Nations that are vulnerable to flooding and drought stand to lose out if climate talks fail. Credit: P. KITTIWONGSAKUL/AFP/GETTY

There’s a storm brewing in South Africa, although not the kind that climate scientists warned of last week in a report linking extreme weather to global warming (see; 2011).This one is the political tempest that is swirling around the Kyoto Protocol. Forecasts suggest that it will hit in full force when delegates to the seven­teenth meeting of the United Nations Framework Convention on Climate Change gather in Durban on 28 November — and it could threaten progress on an alternative agreement.

Negotiated in 1997, Kyoto combines commitments by wealthy nations (excluding the United States, which has never ratified the agreement) to limit greenhouse-gas emissions with monetary and technical support for poor nations. The commitments are set to expire next year and nothing comparable has mater­ialized to take their place.

The world has changed since Kyoto was negotiated. Powerhouse developing economies are now among the world’s leading carbon dioxide emitters. Today, China holds the number one spot and India is fourth behind the United States and the European Union (EU). With Western nations in the midst of a financial crisis, there is little enthusiasm for renewing Kyoto, or for the underlying assumption that the developed world should shoulder the full burden of controlling greenhouse-gas emissions. In Durban, supporters of Kyoto — mainly developing nations — will make their last stand.

“The world can’t punt this issue any longer,” says Robert Stavins, an environmental economist at Harvard University’s John F. Kennedy School of Government in Cambridge, Massachusetts. Stavins believes that negotiators will find some way to keep the Kyoto Protocol alive, if only in spirit, but he acknowledges that the meeting could also fall apart. “Some people would say that this is the death that is required in order to have a rebirth” in the negotiating process, he says.

Cracks began to show in the framework’s political underpinnings two years ago in Copenhagen (see Nature 462, 966–967; 2009), when world leaders first broke with the Kyoto formula to offer the developing world rewards without commitments. Japan, Canada and Russia, which all agreed to the original protocol, said that they opposed a second commitment period. Even the EU may not support an extension of Kyoto, Stavins says, although its trail-blazing carbon trading system could continue even if the treaty becomes dormant.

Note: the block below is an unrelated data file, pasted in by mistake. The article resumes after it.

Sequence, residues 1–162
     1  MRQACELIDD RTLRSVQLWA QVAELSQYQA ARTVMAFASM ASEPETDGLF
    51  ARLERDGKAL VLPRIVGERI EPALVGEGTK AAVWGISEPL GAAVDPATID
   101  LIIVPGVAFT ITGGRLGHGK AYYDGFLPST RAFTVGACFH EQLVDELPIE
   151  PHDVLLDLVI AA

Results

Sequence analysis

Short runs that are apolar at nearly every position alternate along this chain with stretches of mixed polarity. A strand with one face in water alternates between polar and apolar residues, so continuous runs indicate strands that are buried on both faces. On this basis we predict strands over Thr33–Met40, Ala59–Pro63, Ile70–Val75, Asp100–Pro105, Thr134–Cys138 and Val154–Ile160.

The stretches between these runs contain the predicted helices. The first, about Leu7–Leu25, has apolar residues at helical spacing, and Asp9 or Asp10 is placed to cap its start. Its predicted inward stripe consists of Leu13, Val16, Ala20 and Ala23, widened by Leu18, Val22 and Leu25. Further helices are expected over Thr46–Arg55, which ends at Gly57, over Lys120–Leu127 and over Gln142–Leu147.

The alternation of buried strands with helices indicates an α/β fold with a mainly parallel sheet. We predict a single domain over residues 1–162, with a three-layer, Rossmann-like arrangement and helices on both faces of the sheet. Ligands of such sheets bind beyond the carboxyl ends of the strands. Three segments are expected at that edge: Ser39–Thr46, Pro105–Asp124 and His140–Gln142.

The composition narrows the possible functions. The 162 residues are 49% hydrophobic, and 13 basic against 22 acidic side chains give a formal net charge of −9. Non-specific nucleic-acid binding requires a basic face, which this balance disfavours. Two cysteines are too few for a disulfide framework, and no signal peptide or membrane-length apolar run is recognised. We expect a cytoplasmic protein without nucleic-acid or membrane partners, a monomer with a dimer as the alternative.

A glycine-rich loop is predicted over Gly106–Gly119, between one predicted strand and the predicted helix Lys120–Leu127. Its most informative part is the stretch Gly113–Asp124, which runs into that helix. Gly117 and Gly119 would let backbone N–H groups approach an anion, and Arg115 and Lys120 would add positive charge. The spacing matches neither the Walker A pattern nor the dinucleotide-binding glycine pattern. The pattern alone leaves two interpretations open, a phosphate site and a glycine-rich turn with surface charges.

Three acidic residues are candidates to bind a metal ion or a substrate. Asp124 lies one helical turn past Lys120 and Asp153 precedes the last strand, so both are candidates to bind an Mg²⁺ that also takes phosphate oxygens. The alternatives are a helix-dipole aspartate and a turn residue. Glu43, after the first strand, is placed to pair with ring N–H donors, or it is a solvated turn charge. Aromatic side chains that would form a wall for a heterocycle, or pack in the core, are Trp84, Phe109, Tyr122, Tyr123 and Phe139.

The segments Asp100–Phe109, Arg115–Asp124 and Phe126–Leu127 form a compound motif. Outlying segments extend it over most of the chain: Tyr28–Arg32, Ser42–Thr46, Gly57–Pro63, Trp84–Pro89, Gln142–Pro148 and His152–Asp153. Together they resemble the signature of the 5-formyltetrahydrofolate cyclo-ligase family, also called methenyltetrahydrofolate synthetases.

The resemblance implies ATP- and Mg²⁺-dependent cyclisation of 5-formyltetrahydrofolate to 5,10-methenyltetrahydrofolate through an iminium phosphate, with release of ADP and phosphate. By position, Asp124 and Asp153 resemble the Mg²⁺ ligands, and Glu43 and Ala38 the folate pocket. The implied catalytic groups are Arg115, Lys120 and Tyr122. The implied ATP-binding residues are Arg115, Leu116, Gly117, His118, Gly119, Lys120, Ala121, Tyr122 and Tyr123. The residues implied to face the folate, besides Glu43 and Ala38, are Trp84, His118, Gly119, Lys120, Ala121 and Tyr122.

In Copenhagen, and again last year in Cancún, Mexico, countries such as China, Brazil and South Africa joined wealthy nations in making voluntary commitments to limit emissions of greenhouse gases. In exchange, wealthy countries agreed to ramp up financing to help the poorest countries prepare for global warming. The framework that emerged is more inclusive than Kyoto, but lacks the formal stature of a fully binding international treaty. Developing countries, as a bloc, are reluctant give up on the old protocol until something more concrete takes its place.

“The call to mandate a new treaty in place of the Kyoto Protocol should be understood for what it is — rich countries backtracking on inconvenient commitments, at the expense of the poor and the planet,” says Lim Li Lin, who works with developing countries at the Third World Network, a non-profit advocacy group based in Penang, Malaysia.

Under the Copenhagen Accord, countries agreed to try to limit global warming to 2 °C and to consider lowering that target to 1.5 °C. Actual commitments to greenhouse-gas cuts fell well short of what studies suggest are needed to meet the 2 °C goal. The accord also includes provisions to slow deforestation, promote adaptation and hasten the spread of green technologies, with wealthy countries promising US$30 billion in financing by 2012, which will increase to $100 billion annually by 2020.

Negotiators were able to advance many of these initiatives in Cancún last year, but crucial details regarding which institutions will manage this money, who will decide how it is spent and how emissions commitments will be registered and tracked remain unresolved. “Durban needs to put the entire architecture of climate-resilient development on a more solid basis,” says Koko Warner, a climate policy expert with the United Nations University Institute for Environment and Human Security in Bonn, Germany.

But many fear that frustration over Kyoto could stall progress in other areas of the talks and threaten the viability of the Copenhagen Accord.

“I think what really kept developing countries at the negotiating table in Copenhagen was the $100 billion per year,” says Timmons Roberts, who heads the Center for Environmental Studies at Brown University in Providence, Rhode Island. “If it’s just another empty aid promise, the Copenhagen Accord is going to fall apart.”